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|Posted on 21 April, 2015 at 5:15|
STEROIDS IN CHILDREN
The use of steroids in children is difficult to justify. For 30 years we've known that prolonged use for asthma and eczema retards growth in children and delays puberty. Many studies of children with juvenile chronic arthritis given steroids show they suffer growth retardation.
Children given topical and inhaled steroids are prone to same side-effects, such as stunted growth and adrenal suppression.
Steroids may also affect a cognitive performance. In one study, where children are on combination steroid drugs were given tests of visual retention association, the performance of children on the drugs (some six to eight hours after receiving steroid medication) was significantly worse than that of a group of non-asthmatics.
Although these differences disappeared a day or so after the medication was given, they may nevertheless be constant for those children permanently on the drugs.
Evidence also suggests that topical inhaled steroids can cause cataracts and glaucoma, ordinarily only associated with oral steroids.
Bone mineral density has also been found to be lower children the longer they stay on steroids. And inhaled drugs for diseases such as: asthma are found to have adverse effects on bone metabolism and adrenal function at higher dosages (more than 1,000 micrograms per day). Steroids can even cause death of the mass of bone (osteonecrosis), necessitating joint replacement.
Even with the so-called dramatic side-effects on such crippling conditions as rheumatoid arthritis, new research demonstrates that these anti-inflammatory effects appear to wear off in time, leaving the sufferers worse off than before.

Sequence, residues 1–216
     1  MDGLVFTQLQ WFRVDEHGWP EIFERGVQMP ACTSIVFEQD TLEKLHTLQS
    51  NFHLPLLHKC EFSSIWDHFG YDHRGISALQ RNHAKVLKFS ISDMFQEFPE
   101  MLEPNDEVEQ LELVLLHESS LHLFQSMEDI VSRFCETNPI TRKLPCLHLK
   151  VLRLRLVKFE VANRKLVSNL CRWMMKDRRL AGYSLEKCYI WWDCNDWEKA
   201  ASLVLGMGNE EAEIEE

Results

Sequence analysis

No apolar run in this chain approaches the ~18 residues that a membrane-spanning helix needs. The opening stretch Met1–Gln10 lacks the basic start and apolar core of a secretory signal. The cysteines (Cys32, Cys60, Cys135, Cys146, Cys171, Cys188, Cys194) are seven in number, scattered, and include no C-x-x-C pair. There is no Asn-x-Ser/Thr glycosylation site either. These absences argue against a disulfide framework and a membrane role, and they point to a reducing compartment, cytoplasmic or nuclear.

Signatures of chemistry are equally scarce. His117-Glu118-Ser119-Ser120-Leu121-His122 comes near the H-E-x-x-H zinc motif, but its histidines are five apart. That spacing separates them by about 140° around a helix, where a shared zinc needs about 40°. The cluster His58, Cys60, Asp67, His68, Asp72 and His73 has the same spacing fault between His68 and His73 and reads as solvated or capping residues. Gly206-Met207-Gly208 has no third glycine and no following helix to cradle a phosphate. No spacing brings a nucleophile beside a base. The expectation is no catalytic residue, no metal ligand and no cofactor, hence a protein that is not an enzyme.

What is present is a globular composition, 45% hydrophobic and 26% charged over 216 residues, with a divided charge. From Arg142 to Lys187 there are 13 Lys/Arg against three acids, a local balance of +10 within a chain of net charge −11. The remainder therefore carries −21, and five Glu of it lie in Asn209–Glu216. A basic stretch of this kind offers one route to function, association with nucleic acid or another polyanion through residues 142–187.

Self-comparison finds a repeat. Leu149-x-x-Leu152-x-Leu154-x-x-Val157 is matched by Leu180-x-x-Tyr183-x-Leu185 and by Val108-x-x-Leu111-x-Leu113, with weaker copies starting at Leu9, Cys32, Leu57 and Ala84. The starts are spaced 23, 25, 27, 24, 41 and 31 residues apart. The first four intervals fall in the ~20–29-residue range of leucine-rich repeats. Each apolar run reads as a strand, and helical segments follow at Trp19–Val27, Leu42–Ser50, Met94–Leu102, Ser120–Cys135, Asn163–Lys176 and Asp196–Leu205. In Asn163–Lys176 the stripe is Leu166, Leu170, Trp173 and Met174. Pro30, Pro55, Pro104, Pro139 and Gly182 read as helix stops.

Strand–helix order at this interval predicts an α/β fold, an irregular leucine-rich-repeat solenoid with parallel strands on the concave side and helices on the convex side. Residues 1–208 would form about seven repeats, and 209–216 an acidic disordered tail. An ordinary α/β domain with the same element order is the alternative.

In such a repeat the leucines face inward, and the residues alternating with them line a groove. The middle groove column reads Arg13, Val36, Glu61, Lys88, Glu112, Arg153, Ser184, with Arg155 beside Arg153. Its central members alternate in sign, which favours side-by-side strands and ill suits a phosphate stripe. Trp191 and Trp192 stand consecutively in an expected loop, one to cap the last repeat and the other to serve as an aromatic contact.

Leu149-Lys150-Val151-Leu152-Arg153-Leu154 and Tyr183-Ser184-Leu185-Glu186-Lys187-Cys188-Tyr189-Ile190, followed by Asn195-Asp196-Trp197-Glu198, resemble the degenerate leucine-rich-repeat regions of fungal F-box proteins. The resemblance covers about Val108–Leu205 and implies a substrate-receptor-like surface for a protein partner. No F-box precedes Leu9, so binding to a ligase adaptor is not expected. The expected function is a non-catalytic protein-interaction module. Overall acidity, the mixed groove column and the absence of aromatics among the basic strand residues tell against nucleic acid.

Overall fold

Medicine has even turned this state of affairs into a syndrome, called 'steroid resistant asthma', which includes patients who don't respond to normal doses of cortisone and in whom the drug, in some cases, makes the asthma worse.
Many otherwise benign infections become life-threatening in children on steroids. In the summer of 1992, Lexie McConnell, a nine year old living in Oxford, was diagnosed as having toxoplasmosis. Although there was no imminent danger of the disease affecting her sight, and the illness might have resolved itself, it was affecting an area near Lexie's retina and, in the view of her doctor, ought to be treated. Her Father Art explains:
Within 24 hours of commencing steroid treatment, Lexie was deeply ill with side-effects: immediately her face ballooned. We were told that she should lead a normal life, so we sent her to school, and swimming, although she was often too ill to stay. By November, she had put on an enormous amount of weight and had terrible pains, holes in her tongue and black stools, which we later found out indicated internal bleeding.
Finally, when she was inexcrutiating pain, we took her to the hospital. After many hours, she was eventually found to have chickenpox. The Doctors also mentioned that she could have had a disseminated herpes simplex infection.
It was only then that Art and his wife learned that the drugs had basically left Lexie without an immune system and that she could die from anything, even a cold sore.
'By Saturday, she went in intensive care and lost consciousness,' says her Dad. 'An hour later, she died.'
This is yet another fascinating set of facts..taken from Lyn McTaggarts amazing book..What Doctors don't tell you.'
We shall be bringing more facts from this highly praised book, to you soon..
Keep posted..Stay educated to make the best choices for you and your loved ones.